I am the father of small children. As any parent of small children knows, the incidence of illness in the household goes up as soon as your small children mingle regularly with other small children, sharing toys and germs alike. This was brought to mind when reading an article on a bill before the U.S. Congress to create a national paid-time off policy.
“The measure would create a national paid-time off policy for sick days and other personal needs, and businesses that comply would be exempt from tougher state and municipal rules. There are at least 40 different local laws designed to protect workers from being fired or disciplined for trying to follow doctor’s orders. About one-third of U.S. workers get paid sick days, either because local law requires it or their company offers it voluntarily.” (emphasis mine)
To clarify points above, this is a lump PTO policy proposal, inclusive of vacation, holidays, and sick time, “encouraging” 14-20 days of PTO. One challenge within the bill is the ability for managers to reject a worker’s request for time off (something not allowed in current state-based legislation). SHRM believes instances of rejected time off will be limited because non-compliance overall will cause reversion to the more generous state-based laws. But it is very concerning that a manager could deny a PTO request due to inconvenience of timing.
I would be remiss if I didn’t point out the glaring statistic that only one-third of U.S. workers get paid sick days. Stepping outside of the legislation, let’s focus on the humans affected by this policy or lack thereof. Illness – whether it be a nasty cold or a horrifying cancer – is part of the human condition. Setting aside the need to care for ill kids or take aging parents to doctor appointments, the lack of paid sick leave for workers is at least short-sighted and potentially dangerous. When workers have no facility to miss work when sick without risking their job or their paycheque, they have little choice but to come to work ill. That opens the company to risk. A sick worker simply cannot work to capacity, increasing presenteeism, which the CIPD reports costs businesses twice that of absenteeism. Layer on top of that the risk associated with inattention due to illness at work, and the costs to the business become exponential – simply from not allowing people to take the time needed to care for their own well-being.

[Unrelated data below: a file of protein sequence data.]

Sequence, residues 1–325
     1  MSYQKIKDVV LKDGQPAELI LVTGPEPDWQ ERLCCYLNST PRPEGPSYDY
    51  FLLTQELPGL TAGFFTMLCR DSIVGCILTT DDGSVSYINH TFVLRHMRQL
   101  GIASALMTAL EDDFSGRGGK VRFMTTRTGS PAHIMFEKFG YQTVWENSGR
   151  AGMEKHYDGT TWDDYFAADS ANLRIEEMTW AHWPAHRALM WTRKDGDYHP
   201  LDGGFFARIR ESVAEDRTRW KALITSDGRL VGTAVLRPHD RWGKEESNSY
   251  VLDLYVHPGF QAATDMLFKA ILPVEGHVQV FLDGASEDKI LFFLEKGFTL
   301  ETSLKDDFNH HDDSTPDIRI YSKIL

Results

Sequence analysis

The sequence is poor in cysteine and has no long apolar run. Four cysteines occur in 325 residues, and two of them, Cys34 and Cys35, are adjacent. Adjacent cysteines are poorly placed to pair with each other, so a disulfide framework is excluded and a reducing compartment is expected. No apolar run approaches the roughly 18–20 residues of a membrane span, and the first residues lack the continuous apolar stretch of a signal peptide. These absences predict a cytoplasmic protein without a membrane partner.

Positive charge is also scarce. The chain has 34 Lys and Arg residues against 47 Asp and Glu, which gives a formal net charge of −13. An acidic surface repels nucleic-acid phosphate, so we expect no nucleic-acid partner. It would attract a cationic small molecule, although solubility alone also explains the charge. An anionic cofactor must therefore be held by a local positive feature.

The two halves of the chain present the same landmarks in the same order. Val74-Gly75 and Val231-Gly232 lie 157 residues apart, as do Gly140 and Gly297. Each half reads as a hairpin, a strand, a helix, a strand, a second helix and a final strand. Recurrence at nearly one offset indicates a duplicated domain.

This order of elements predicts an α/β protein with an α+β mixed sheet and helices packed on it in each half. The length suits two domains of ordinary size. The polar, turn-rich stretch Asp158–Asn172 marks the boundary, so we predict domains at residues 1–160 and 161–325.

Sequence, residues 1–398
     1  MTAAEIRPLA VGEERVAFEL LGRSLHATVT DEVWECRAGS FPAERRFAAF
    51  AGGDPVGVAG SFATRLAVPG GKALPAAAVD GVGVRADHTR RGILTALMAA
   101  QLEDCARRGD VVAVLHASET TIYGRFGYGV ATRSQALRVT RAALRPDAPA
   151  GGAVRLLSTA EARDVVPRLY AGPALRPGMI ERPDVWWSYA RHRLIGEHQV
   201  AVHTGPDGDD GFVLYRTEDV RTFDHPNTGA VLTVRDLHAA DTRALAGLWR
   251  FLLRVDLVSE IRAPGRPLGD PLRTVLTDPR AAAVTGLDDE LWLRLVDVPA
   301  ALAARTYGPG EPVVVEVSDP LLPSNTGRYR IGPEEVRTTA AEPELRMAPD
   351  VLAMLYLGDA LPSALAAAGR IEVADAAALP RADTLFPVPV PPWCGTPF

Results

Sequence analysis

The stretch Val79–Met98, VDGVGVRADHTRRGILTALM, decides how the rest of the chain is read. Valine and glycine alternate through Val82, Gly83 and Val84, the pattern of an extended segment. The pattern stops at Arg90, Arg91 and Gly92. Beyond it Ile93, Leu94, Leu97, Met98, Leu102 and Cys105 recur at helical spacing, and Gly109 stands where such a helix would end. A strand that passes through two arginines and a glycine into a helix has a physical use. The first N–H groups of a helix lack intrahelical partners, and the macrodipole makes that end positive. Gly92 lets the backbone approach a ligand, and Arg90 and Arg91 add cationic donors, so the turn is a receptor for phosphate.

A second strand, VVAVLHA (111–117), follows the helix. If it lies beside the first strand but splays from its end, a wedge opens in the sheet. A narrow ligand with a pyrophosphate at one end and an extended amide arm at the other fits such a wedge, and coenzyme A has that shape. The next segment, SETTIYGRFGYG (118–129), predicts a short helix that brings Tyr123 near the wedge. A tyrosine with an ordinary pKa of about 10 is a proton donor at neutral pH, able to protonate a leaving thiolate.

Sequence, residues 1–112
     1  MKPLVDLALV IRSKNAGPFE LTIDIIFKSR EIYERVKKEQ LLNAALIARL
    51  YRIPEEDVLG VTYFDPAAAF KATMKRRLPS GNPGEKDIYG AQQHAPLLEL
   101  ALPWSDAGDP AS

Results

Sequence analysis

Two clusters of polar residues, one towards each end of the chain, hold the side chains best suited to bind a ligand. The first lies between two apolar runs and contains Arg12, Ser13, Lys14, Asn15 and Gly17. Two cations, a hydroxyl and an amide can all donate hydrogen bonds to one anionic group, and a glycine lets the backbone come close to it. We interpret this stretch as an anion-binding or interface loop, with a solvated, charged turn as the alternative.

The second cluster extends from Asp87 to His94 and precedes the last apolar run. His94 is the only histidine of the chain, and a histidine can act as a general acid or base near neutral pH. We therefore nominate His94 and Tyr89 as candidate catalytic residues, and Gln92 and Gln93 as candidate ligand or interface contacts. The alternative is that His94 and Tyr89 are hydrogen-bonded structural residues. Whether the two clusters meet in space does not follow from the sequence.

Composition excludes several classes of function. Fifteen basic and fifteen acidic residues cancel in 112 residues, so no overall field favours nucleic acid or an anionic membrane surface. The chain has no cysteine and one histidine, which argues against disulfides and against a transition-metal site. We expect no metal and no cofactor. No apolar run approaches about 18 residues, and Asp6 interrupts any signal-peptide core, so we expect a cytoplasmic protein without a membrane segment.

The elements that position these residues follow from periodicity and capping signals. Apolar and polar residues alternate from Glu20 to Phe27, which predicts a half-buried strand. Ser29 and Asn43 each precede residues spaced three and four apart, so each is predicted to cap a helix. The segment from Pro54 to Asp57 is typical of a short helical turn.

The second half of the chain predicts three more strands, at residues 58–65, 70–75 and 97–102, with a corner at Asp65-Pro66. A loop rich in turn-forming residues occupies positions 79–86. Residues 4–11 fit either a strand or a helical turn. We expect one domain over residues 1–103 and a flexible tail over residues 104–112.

Part of the compensation package for most employees are the additional benefits they receive – total rewards including health and wellness benefits and time off. I would argue the ability to take time off when sick without fear of reprisal is a human right. It’s also just smart business. (Indeed, Arianna Huffington’s Thrive Global recently raised $30M.
Remember Thrive Global’s mission, as quoted on their website: “To end the stress and burnout epidemic by offering companies and individuals sustainable, science-based solutions to enhance well-being, performance, and purpose, and create a healthier relationship with technology. Recent science has shown that the pervasive belief that burnout is the price we must pay for success is a delusion. We know, instead, that when we prioritize our well-being, our decision-making, creativity, and productivity improve dramatically.”)
Part of what it means to WorkHuman is to create the space, time, and ability for our workers to care for all aspects of their personhood – from personal illness and rejuvenation to caring for family. What could this legislation mean for your business? Will a national law calling for paid time off help or hurt organizational efforts to care for the well-being of their workers?
As Globoforce’s Vice President of Client Strategy and Consulting, Derek Irvine is an internationally minded management professional with over 20 years of experience helping global companies set a higher ambition for global strategic employee recognition, leading workshops, strategy meetings and industry sessions around the world. He is the co-author of "The Power of Thanks" and his articles on fostering and managing a culture of appreciation through strategic recognition have been published in Businessweek, Workspan and HR Management. Derek splits his time between Dublin and Boston. Follow Derek on Twitter at @DerekIrvine.